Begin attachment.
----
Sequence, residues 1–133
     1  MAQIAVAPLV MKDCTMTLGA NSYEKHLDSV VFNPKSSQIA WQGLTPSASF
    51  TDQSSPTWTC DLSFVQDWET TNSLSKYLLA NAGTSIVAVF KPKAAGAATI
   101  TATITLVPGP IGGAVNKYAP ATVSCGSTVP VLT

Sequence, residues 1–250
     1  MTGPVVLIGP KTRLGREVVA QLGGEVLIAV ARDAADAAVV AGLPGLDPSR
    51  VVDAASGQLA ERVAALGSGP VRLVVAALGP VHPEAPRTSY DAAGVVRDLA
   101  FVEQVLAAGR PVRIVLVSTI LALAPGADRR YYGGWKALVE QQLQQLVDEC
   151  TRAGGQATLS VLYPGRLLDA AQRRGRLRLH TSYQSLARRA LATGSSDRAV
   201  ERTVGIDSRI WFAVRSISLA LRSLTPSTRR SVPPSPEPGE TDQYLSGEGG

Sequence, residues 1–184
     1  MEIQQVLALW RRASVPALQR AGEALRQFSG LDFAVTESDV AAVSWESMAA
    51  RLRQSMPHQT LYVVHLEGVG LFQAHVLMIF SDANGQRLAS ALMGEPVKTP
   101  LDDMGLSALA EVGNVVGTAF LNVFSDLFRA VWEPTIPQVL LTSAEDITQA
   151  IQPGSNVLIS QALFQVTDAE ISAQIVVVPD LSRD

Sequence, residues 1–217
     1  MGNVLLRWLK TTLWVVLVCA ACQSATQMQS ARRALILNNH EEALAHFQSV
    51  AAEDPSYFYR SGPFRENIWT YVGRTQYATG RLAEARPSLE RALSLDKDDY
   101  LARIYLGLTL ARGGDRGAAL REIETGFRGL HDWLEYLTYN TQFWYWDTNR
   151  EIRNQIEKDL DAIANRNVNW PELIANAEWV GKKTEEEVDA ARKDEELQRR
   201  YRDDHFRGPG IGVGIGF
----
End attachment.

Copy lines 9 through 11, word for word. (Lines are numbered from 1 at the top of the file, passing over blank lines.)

   151  TRAGGQATLS VLYPGRLLDA AQRRGRLRLH TSYQSLARRA LATGSSDRAV
   201  ERTVGIDSRI WFAVRSISLA LRSLTPSTRR SVPPSPEPGE TDQYLSGEGG

Sequence, residues 1–184